Mothers seldom emerge with credit in Graves''s work. Sassoon was furious about Goodbye''s tactless presentation of his own grief-stricken mamma as a seance-holding obsessive; Amy Graves''s response to the monstrous presence who presides over The White Goddess remains unguessable. Graves published Goodbye to All That at a time when several traumatised writers were feeling that the moment had come to take stock of the recent past. Ford Madox Ford had already published his great but flawed wartime tetralogy, Parade''s End Sherriff''s play Journey''s End continued to shock audiences around the world it was translated into seventeen languages in Like Graves himself, Ford, Remarque and Sherriff, all of whom had served at the front, viewed war as an essentially futile venture, in which exceptional acts of loyalty and courage became the norm.

Goodbye to Robert Graves, Goodbye to All That » Novel Readings - Notes on Literature and Criticism

Among all the works that emerged from a decade''s musing upon a war that its most clear-sighted recorders believed to have been catastrophically conceived, managed and concluded, Goodbye survives as the most approachable, the most powerful and - reading it with all the bitter hindsights of a century of shabby acts and betrayals - the most applicable to our own times. On the verge of Britain''s momentous break with Europe, we are uniquely placed to read a book replete with folly, written in a spirit of fierce regret.

Although undeniably autobiographical, Goodbye to All That was written with an agenda and with more concern for effect than precise detail. Almost as if staging a school play, the author wanted light to fall most brightly wherever he chose to shine his torch. It troubled Graves far more in than it had in that England had taken up arms against a country to which he felt a powerful bond.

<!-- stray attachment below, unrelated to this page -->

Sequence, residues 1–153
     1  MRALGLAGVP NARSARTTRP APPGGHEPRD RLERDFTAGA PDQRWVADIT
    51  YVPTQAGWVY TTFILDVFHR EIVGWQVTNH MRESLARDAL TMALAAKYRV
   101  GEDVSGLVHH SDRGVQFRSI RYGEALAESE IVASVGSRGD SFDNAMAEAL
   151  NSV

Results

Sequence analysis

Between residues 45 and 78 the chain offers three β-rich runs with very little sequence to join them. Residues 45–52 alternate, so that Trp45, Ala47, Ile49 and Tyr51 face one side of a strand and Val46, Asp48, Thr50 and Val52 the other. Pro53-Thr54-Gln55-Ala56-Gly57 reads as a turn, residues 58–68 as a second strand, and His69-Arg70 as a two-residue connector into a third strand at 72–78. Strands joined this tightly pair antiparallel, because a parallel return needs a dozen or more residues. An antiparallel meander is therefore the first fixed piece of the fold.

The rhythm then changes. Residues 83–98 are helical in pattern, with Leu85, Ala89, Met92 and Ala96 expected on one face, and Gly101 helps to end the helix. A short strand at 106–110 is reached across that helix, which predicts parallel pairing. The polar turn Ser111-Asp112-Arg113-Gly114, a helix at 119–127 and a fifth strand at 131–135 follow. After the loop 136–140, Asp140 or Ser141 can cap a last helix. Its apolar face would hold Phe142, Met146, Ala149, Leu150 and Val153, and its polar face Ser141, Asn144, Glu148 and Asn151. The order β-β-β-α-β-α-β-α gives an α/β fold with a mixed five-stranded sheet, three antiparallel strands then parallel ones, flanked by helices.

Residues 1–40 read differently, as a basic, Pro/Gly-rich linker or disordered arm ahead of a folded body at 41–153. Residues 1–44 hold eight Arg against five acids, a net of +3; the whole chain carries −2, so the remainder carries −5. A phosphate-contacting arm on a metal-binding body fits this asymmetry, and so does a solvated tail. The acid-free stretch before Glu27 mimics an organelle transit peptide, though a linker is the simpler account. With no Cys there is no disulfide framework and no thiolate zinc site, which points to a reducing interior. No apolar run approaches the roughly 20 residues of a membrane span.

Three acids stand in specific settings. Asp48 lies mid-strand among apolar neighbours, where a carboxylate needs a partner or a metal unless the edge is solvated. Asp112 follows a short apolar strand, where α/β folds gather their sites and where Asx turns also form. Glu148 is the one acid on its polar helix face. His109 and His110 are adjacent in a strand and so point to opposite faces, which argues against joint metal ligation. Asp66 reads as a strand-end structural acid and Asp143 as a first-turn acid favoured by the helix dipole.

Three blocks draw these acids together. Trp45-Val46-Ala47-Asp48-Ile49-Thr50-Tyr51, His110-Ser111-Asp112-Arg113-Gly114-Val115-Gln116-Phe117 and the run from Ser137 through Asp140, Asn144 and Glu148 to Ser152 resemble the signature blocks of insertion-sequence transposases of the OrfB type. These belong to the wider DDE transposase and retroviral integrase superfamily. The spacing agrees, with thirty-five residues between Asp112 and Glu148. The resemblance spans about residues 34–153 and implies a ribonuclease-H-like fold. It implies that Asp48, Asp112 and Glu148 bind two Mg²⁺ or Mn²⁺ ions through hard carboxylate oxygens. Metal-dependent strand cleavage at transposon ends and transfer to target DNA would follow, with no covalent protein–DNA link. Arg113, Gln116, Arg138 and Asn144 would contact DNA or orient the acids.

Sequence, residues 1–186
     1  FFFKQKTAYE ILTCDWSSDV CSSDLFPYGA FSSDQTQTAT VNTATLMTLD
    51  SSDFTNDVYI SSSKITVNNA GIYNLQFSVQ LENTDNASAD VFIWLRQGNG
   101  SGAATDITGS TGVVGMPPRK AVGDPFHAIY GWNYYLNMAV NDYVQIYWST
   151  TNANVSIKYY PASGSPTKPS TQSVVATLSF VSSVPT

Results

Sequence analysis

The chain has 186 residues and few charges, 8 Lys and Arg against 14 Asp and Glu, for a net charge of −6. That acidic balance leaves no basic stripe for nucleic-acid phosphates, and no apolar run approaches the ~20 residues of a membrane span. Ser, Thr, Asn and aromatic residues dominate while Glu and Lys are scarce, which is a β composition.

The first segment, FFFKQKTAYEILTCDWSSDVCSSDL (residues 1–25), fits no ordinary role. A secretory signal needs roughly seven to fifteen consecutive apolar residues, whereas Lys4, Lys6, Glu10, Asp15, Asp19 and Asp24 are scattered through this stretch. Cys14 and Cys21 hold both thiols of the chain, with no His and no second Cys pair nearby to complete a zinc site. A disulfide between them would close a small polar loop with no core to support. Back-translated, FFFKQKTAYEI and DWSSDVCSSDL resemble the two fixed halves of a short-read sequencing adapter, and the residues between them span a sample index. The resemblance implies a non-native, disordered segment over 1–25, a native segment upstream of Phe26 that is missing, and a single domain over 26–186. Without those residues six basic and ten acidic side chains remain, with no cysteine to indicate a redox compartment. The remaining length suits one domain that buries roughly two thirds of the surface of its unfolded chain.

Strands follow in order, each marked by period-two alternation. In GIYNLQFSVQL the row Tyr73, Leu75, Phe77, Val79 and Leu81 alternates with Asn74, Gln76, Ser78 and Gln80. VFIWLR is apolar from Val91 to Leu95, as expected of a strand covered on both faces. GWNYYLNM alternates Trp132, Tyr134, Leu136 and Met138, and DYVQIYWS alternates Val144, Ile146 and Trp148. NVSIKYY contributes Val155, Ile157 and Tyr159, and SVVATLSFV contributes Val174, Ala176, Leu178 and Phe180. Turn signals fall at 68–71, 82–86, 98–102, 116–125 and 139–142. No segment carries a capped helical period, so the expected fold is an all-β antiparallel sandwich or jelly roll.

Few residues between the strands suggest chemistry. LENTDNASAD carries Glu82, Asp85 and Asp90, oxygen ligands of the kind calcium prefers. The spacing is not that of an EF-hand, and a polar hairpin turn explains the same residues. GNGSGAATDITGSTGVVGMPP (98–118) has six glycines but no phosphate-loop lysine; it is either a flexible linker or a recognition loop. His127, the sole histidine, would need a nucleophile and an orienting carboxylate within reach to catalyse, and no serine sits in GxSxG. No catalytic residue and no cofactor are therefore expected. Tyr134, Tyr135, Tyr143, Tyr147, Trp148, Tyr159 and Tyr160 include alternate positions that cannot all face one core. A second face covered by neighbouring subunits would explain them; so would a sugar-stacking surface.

Describing his early years in the opening chapters of Goodbye the Graves family occupied homes in Wimbledon and in Wales, where his mother bought land and built a house near Harlech , Graves took care that his book should emphasise his personal connection to England''s wartime enemy. Linked to the illustrious von Ranke family both through the German marriage of a paternal great-aunt, Clarissa Graves, back in , and through his widowed father''s second marriage to the independently wealthy Amalia, or Amy von Ranke, Graves had paid five visits to Germany before he turned twelve.

His summers at Laufzorn, a Bavarian country estate owned by his German grandfather, were so he asserted in both editions of Goodbye ''easily the best things of my childhood. It was against this bliss-filled idyll of reminiscence that he placed the deaths of his kindly, playful Uncle Siegfried von Aufsess, owner of an Alpine castle, killed while serving on the Imperial German Staff, and of his German cousin, Wilhelm, ''later shot down in the air by a schoolfriend of mine''.

About Good-Bye to All That In this autobiography, first published in , poet Robert Graves traces the monumental and universal loss of innocence that occurred as a result of the First World War. Also in Vintage International. Also by Robert Graves. About Robert Graves Robert Graves — was a poet, novelist, and critic. Product Details.

Good-Bye to All That